Wheelhouse’s Essential Meals Project teams up with Easthampton Community Center

  • Will Van Heuvelen, of Wheelhouse, cooks broccolini. GAZETTE FILE PHOTO

Staff Writer
Published: 5/25/2020 9:10:51 AM

EASTHAMPTON — An Amherst-based catering and events company has teamed up with the Easthampton Community Center to feed people in need during the COVID-19 pandemic.

Wheelhouse, which sources local meat and produce from farms in and around western Massachusetts, has been feeding frontline workers since April as part of its Essential Meals Project, which aims to “provide healthy meals to health care workers in our local hospitals, nursing homes, and other health care facilities in Western Massachusetts,” according to the company’s website.

Will Van Heuvelen, who co-owns Wheelhouse with Jake Mazar, said that the company had been looking to open up a restaurant or cafe in the old Lumber Yard Restaurant space in Amherst this year before the pandemic intervened. Since then, they’ve decided to put the space to work, using it to provide meals made with local ingredients to frontline workers and those in need during the pandemic. Among other places, they’ve delivered meals to the Springfield Boys & Girls Club, the Franklin Community Meals Project and nursing homes in the area.

“There’s a lot of people who are hurting out there,” said Van Heuvelen, who noted that, as of Friday, they had raised more than $27,000, most of which goes to paying their employees and buying ingredients. At that time, Van Heuvelen said that 2,100 meals had been served.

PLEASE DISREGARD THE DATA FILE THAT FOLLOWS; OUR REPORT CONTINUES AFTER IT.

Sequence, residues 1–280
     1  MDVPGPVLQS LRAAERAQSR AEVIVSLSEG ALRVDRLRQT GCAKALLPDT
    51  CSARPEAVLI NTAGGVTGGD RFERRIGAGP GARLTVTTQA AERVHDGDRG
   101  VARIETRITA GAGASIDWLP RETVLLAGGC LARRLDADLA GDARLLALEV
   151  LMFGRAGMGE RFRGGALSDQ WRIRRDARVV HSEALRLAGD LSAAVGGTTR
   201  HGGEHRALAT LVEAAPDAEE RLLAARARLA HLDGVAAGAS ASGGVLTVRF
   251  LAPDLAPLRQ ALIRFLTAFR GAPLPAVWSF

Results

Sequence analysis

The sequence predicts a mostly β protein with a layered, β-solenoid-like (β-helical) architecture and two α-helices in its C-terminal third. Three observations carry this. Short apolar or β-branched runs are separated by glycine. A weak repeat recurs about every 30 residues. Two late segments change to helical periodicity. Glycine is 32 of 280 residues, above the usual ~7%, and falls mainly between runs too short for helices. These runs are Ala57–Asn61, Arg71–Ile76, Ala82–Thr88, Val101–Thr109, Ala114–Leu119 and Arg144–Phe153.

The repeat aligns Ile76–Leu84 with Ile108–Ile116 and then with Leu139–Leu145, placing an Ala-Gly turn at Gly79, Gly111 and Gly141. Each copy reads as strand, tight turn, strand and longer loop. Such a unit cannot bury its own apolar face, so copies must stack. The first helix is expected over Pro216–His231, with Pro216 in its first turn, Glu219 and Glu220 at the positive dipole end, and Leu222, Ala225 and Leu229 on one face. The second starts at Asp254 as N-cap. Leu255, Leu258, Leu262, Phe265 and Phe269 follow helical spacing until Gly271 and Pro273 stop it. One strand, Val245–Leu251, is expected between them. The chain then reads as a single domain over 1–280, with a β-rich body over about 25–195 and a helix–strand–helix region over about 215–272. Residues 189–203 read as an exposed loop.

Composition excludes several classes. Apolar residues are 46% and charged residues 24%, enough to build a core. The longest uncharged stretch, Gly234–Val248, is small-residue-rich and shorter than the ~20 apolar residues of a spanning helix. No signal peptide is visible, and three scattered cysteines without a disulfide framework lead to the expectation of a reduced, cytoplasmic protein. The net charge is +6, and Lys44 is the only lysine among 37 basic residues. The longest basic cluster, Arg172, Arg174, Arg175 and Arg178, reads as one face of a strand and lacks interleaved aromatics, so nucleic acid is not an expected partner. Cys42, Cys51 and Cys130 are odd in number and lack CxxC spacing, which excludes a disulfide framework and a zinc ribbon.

Essential Meals first collaborated with the Easthampton Community Center on Wednesday, and Robin Bialecki, the center’s executive director, characterized the experience as a success. Wednesday’s meals, which featured either meat or veggie lasagna and homemade cookies, were served during the center’s regular Wednesday grocery distribution, and all 250 meals were distributed.

“Who doesn’t like lasagna?” Bialecki said. 

The grocery distribution occurs weekly on Mondays and Wednesdays, from 9 a.m. to noon and from 4 p.m. to 7 p.m., and Bialecki said that the center used the lasagna meals to encourage people to take part.

“We were encouraging people who came to get a bag of groceries as well,” Bialecki said.

Next up at the Easthampton Community Center, Van Heuvelen said that they’re thinking of incorporating chicken stock donated by Sutter Meats into a chicken-based soup. They’re also looking to feature locally grown beets and sweet potatoes.

Van Heuvelen noted that food insecurity won’t go away when the COVID-19 pandemic ends, and he said that as long as donations continue, Wheelhouse wants to offer their meals, including at the Community Center.

Every donation of $12 provides one fresh meal, $60 provides five meals, $120 provides 10 meals, $240 provides 20 meals and $600 provides 50 meals.

“If we can raise the money, we’ll definitely be doing it, indefinitely,” Van Heuvelen said.

Bera Dunau can be reached at bdunau@gazettenet.com. To learn more about the Essential Meals Project, visit wheelhousefarm.com/essentialmealsproject.

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